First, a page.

Puppet and JRuby a love story!

2 minute read

As announced in my last edit of my yesterday post Puppet and JRuby a love and hate story, I finally managed to run a webrick puppetmaster under JRuby with a MRI client connecting and fetching it’s config.

The Recipe

Puppet side

Unfortunately Puppet creates its first certificate with a serial number of 0, which JRuby-OpenSSL finds invalid (in fact that’s Bouncy Castle JCE Provider). So the first thing is to check if you already have some certificate generated with a serial of 0. If you have none, then everything is great you can skip this.

You can see a certificate content with openssl:

% openssl x509 -text -in /path/to/my/puppet/ssl/ca/ca_cert.pem

Version: 3 (0x2)
Serial Number: 1 (0x1)
Signature Algorithm: sha1WithRSAEncryption
Issuer: CN=ca
Not Before: May 23 18:38:19 2009 GMT
Not After : May 22 18:38:19 2014 GMT
Subject: CN=ca

If no certificate has a serial of 0, then it’s OK, otherwise I’m afraid you’ll have to start the PKI from scratch (which means rm -rf $vardir/ssl and authenticate clients again), after applying the following Puppet patch:

JRuby fix: make sure certificate serial > 0

JRuby OpenSSL implementation is more strict than real ruby one and
requires certificate serial number to be strictly positive.

Signed-off-by: Brice Figureau <brice-puppet@daysofwonder.com>

diff --git a/lib/puppet/ssl/certificate_authority.rb b/lib/puppet/ssl/certificate_authority.rb
index 08feff0..4a7d461 100644
--- a/lib/puppet/ssl/certificate_authority.rb
+++ b/lib/puppet/ssl/certificate_authority.rb
@@ -184,7 +184,7 @@ class Puppet::SSL::CertificateAuthority
# it, but with a mode we can't actually read in some cases.  So, use
# a default before the lock.
unless FileTest.exist?(Puppet[:serial])
-            serial = 0x0
+            serial = 0x1

Puppet.settings.readwritelock(:serial) { |f|

I’ll post this patch to puppet-dev soon, so I hope it’ll eventually get merged soon in mainline.


You need the freshest JRuby available at this time. My test were conducted with latest JRuby as of commit “3aadd8a”. The best is to clone the github jruby repository, and build it (it requires of course a JDK and Ant, but that’s pretty much all).

Then install jruby in your path (if you need assistance for this, I’m not sure this blog post is for you :-))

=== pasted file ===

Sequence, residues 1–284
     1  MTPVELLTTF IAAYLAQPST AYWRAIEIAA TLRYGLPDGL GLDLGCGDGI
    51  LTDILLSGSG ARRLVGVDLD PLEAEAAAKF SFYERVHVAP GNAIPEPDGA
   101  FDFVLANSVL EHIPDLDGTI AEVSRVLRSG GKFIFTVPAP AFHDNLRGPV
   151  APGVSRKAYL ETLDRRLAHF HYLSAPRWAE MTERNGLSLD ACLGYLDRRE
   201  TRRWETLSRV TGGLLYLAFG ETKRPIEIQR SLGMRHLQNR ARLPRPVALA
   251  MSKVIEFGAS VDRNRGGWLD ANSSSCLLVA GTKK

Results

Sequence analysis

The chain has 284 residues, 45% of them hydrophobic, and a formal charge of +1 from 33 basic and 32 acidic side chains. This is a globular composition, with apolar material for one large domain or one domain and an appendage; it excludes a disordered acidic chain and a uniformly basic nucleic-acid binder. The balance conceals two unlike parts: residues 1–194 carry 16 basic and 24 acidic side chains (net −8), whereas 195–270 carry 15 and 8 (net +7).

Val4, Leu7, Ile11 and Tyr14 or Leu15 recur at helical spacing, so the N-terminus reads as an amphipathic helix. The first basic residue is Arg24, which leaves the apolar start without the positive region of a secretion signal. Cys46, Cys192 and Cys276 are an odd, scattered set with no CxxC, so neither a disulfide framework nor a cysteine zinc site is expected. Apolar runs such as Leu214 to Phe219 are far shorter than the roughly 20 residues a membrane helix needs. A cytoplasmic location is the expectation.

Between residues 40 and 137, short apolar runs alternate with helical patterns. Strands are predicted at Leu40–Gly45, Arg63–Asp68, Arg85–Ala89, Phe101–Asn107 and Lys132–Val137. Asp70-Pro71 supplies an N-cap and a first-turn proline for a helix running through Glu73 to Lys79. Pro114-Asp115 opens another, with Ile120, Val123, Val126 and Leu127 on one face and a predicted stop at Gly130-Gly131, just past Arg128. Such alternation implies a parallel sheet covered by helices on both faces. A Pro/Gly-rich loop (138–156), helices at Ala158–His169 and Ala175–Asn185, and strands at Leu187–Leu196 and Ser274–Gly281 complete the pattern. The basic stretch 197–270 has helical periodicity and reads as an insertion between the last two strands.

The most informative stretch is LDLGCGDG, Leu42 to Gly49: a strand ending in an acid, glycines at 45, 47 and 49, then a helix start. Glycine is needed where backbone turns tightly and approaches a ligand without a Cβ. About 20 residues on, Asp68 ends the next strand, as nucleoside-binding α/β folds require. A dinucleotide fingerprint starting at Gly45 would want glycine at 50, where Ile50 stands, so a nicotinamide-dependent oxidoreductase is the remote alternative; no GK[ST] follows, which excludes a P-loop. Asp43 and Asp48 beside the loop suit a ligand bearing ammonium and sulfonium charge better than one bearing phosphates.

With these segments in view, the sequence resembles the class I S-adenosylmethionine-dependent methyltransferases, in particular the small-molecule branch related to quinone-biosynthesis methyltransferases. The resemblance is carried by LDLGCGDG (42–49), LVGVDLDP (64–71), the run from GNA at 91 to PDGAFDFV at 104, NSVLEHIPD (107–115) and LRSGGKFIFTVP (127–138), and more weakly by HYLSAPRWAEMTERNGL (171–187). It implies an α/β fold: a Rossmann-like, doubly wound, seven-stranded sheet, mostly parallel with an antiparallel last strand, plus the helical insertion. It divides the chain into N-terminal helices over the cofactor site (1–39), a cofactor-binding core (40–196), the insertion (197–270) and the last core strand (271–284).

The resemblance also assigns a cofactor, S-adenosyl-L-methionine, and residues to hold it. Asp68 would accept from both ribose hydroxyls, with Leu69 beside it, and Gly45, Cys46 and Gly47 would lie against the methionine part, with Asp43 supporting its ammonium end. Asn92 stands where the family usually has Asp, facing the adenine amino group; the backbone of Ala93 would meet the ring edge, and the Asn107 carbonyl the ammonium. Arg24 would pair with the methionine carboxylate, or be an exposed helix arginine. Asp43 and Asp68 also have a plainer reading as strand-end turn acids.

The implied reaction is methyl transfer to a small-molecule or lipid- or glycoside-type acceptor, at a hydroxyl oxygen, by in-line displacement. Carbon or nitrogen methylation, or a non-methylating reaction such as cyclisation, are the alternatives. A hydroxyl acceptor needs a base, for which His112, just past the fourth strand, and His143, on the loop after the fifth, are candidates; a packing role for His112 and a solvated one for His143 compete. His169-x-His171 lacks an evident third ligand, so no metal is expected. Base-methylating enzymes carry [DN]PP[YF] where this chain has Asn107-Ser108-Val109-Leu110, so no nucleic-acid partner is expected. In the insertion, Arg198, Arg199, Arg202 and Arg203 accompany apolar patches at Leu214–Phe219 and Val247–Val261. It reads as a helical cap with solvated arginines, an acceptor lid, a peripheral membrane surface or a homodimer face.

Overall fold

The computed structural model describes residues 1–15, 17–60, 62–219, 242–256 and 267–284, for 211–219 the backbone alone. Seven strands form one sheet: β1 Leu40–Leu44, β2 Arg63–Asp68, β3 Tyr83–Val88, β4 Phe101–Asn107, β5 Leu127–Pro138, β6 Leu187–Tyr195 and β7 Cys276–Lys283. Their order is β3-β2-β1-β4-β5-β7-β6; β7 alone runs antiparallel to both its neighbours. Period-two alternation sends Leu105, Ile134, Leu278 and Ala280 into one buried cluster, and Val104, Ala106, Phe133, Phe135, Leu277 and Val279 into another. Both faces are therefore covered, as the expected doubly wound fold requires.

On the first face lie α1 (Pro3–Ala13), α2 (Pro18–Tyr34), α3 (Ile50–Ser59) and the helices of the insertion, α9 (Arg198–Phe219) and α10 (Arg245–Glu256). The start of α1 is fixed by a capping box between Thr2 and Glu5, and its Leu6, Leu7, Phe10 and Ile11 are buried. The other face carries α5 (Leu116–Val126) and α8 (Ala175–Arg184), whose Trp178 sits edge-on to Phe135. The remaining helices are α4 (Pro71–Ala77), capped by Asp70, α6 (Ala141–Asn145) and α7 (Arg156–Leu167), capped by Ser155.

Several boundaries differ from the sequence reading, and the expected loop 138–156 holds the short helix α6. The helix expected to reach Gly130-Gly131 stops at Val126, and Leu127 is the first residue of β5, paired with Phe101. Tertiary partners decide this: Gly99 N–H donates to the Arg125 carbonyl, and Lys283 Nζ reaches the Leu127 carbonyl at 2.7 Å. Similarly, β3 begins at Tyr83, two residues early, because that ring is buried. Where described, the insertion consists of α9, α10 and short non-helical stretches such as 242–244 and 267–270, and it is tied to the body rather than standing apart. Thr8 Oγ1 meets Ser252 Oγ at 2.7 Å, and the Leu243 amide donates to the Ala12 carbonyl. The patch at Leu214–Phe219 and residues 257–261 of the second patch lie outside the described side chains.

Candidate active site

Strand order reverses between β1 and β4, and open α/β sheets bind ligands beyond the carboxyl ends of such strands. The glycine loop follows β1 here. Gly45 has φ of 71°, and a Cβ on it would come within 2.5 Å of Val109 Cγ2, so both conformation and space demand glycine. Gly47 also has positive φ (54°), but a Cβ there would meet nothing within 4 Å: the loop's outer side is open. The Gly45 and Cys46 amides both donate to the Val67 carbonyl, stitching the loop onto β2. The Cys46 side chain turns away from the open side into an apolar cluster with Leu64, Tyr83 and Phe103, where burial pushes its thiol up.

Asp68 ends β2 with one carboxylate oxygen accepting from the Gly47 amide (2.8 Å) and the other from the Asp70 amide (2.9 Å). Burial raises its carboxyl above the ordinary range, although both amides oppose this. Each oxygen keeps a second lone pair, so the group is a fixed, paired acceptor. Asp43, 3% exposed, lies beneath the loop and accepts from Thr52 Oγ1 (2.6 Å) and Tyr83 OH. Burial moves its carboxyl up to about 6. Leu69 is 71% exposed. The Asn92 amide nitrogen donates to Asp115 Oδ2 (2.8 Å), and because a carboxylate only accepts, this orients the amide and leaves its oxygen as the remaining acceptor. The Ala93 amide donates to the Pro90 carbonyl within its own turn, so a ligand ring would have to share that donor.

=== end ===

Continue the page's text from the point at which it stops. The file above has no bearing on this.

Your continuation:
As I explained in my previous blog post about the same subject, Puppet exercises a lot the Ruby OpenSSL subsystem. During this experiment, I found a few shortcomings in the current JRuby-OpenSSL 0.5, including missing methods, or missing behaviors needed by Puppet to run fine.

So to get a fully Puppet enabled JRuby-OpenSSL you need either to get the very latest JRuby-OpenSSL from its own github repository (or checkout the puppet-fixes branch of my fork of said repository on github) and or apply manually the following patches on top of the 0.5 source tarballs:

  • JRUBY-3689: OpenSSL::X509::CRL can’t be created with PEM content

  • JRUBY-3690: OpenSSL::X509::Request can’t be created from PEM content

  • JRUBY-3691: Implement OpenSSL::X509::Request#to_pem

  • JRUBY-3692: Implement OpenSSL::X509::Store#add_file

  • JRUBY-3693: OpenSSL::X509::Certificate#check_private_key is not implemented

  • JRUBY-3556: Webrick doesn’t start in https

  • JRUBY-3694: Webrick HTTPS produces some SSL stack trace

Then rebuild JRuby-OpenSSL which is a straightforward process (copy build.properties.SAMPLE to build.properties, adjust jruby.jar path, and then issue ant jar to build the jopenssl.jar).

Once done, install the 0.5 JRuby-OpenSSL gem in your jruby install, and copy other the built jar in lib/ruby/gems/1.8/gems/jruby-openssl-0.5/lib.

Let’s try it!

Then it’s time to run your puppetmaster, just start it with jruby instead of ruby. Of course you need the puppet dependencies installed (Facter).

My next try will be to run Puppet on Jruby and mongrel (or what replaces it in JRuby world), then try with storeconfig on…

Hope that helps, and for any question, please post in the puppet-dev list.